I have a Nikon D-90 and I am an amateur photographer doing kids photography indoors, and family pictures while travelling.

I have the following -

  • 18-105mm VR – Kit Lens that came with the D90
  • Nikon AF-S DX 35mm f1.8G
  • Nikon AF-S DX 55-300mm F/4.5-5.6G VR
  • Basic tripod

Of late I have developed a flavour towards landscape photography especially in dark and low light conditions. To support this I want to add a wide angle lens to my collection, something like a Nikon 10-24mm 1:3.5-4.5G or a Tamron 10-24mm 1:3.5-4.5G. But as I understand, a 3.5/4.5 aperture would still restrict me, so that I couldn’t click bright and sharp pictures in low light situations. Hence I am looking for a wide angle lens with low aperture like 2.8 or less. What are my options? I have also read that the Tokina Af11-16 f2.8 is good. Has anyone any feedback on this? Is a small focal length 11-16 useful?

  • 3
    I don't think you'll be restricted by the smaller apature. As I understand it, for landscape photography you're typically going to be using a smaller apature anyway (f8+) to maintain depth of field, so you'd want to use a tripod and a longer exposure to take landscape pictures in low light conditions. See also: photo.stackexchange.com/questions/2136/…
    – forsvarir
    Dec 15, 2011 at 15:13
  • correct, the aperture is mainly an indication of optical quality rather than usefulness of the lens in low light when talking about wideangle lenses.
    – jwenting
    Dec 16, 2011 at 8:51

4 Answers 4


I do most landscape photography at at least f/8 or f/11 and with a tripod. I use a Nikon 12-24mm f/4 DX lens and it's a nice sharp lens. I have borrowed the Tokina 11-16 f/2.8, and it is also very sharp. The range of that lens (11-16) makes it almost like a prime though, there isn't much range to it, not like a 10-24mm.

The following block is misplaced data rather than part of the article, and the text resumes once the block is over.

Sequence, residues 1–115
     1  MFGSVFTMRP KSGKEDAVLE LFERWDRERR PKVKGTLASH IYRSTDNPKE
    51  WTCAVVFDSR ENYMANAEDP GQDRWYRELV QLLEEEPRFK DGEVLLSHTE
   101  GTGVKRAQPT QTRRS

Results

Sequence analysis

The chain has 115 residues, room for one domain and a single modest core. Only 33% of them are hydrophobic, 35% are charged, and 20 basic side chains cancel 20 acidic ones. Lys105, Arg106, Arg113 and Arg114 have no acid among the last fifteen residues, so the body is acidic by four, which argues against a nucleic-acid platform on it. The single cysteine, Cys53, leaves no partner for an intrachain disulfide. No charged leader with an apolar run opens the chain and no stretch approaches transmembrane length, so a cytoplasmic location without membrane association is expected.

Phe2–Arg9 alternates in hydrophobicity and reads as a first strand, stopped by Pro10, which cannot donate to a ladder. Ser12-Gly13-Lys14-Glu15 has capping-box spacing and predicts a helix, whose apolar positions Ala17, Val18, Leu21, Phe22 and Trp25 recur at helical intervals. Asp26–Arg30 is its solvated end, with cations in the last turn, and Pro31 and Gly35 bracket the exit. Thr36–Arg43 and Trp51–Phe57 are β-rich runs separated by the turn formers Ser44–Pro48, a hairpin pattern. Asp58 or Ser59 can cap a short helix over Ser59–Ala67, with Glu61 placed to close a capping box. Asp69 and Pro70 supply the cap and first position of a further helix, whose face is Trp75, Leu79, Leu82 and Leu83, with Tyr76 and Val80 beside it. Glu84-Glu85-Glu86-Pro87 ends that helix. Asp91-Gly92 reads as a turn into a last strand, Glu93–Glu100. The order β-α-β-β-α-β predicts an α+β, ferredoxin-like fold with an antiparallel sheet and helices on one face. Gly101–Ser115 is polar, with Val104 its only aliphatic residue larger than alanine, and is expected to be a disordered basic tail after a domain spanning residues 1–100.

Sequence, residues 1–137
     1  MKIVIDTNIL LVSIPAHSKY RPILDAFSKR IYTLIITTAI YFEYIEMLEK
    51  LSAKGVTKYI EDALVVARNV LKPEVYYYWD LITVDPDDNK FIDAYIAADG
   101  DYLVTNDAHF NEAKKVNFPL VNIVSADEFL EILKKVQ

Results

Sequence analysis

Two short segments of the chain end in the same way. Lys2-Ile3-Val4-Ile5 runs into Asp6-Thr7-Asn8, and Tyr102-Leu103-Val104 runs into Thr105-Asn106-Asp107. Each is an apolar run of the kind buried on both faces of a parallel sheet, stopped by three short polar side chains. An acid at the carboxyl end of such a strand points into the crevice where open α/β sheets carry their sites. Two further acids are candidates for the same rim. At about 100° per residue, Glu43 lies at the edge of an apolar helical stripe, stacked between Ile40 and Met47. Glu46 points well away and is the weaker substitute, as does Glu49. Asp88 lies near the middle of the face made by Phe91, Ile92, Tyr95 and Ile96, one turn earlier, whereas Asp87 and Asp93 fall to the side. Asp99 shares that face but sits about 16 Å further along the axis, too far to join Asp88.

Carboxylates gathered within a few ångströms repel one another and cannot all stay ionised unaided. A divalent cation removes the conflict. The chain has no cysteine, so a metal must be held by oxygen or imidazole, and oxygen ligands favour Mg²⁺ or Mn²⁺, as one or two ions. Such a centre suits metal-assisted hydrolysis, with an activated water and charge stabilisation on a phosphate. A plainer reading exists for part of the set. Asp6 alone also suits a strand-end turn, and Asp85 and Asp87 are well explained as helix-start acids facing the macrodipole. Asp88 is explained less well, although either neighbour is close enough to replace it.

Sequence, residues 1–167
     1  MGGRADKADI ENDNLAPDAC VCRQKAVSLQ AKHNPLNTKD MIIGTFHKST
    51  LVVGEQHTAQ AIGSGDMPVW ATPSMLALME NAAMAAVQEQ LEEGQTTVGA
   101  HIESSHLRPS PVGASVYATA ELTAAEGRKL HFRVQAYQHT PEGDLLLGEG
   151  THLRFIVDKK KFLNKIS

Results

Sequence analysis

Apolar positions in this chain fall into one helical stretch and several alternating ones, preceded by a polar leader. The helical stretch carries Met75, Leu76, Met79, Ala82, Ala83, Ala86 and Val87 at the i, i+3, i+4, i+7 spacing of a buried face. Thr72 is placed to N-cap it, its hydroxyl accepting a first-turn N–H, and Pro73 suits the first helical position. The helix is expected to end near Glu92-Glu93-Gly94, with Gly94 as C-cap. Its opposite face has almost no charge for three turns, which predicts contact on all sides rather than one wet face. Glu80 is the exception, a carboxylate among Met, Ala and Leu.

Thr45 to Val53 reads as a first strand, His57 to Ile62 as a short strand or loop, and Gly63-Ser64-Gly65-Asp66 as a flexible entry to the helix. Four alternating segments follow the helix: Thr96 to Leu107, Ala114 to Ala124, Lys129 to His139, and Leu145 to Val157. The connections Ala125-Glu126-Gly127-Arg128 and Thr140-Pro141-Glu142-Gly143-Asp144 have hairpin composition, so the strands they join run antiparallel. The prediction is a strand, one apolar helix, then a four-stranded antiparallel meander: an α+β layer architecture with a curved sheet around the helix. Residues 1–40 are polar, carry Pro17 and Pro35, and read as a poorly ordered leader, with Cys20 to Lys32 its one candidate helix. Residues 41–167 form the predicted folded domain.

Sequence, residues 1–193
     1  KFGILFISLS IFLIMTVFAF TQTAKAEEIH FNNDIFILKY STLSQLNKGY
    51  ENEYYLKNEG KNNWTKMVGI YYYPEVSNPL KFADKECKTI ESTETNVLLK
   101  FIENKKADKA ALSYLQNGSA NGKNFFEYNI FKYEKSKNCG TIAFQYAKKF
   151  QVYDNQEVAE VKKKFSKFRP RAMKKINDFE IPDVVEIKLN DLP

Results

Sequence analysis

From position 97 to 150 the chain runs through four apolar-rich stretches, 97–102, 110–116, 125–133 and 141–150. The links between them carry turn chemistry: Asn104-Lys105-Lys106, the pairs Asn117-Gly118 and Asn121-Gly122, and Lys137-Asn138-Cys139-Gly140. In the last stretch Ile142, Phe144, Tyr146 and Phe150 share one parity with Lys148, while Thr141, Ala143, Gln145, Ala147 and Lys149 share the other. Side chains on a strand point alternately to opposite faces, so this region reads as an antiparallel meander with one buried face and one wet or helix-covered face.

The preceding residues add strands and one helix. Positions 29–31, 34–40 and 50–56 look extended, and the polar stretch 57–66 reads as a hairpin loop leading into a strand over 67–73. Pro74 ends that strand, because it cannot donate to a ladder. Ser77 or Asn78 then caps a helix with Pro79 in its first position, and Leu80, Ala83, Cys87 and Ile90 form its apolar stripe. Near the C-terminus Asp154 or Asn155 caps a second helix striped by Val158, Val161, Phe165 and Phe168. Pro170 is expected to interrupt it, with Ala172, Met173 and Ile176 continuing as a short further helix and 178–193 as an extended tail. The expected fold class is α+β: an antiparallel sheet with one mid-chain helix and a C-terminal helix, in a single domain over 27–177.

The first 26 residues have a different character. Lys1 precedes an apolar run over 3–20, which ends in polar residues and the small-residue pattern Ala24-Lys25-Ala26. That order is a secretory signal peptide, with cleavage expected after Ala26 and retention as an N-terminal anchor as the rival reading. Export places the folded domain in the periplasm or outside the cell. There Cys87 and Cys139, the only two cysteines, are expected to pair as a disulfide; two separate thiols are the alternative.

It's a personal choice, but I really like the ultra wide 8-12mm focal lengths for landscapes, but you can easily stitch together a few frames if you can't go that wide.


I would also consider the Sigma 12-24mm.

This is a fantastic wide angle lens perfect for Landscape photography.

You would also be looking for a large depth of field so that the whole images is in focus, with a narrow apeture you will get background blur, which for most landscapse isn't what you want.

Before buying a lens, try using filters such as an ND or CL as these give an entirely different look to landscape images without a new lens.


Just a reminder that one problem with using standard lenses and the DX sensors is that your effective lens size increase by a factor of about 1.5 due to the sensor size. This results in wide angle lenses having a much narrower field of view than on an FX sensor based camera.

Everyone else has pointed out the basics: don't worry about F stop minimum and use a tripod. Onme more point to note if you're going to work with a tripod is to consider using a cable release to prevent blur occuring when you press the shutter release.


You're restricting yourself way too much by considering only a few zooms. For landscapes (when using a wideangle, that's certainly not a given, one of my favourite landscapes every I shot at 500mm) especially where rapid response to changing conditions isn't required, a prime serves very well (in fact, they can serve very well for almost anything).
You'll end up saving weight, size, and maybe money buying quality primes over zooms, and Nikon makes some of the best (if not THE best) wideangle primes on the market.
My favourite is the 20mm f/2.8 AF-D Nikkor, with the 35mm f/2.0 AF-D for when 20 is too long.
There are shorter primes from several sources, best of them of course Nikon (I've tried some older Sigma primes and wasn't impressed, but never tested their latest EX primes which should be very good indeed).
In your case, I'd look seriously at buying a 14mm Sigma EX and a 20mm Nikkor.

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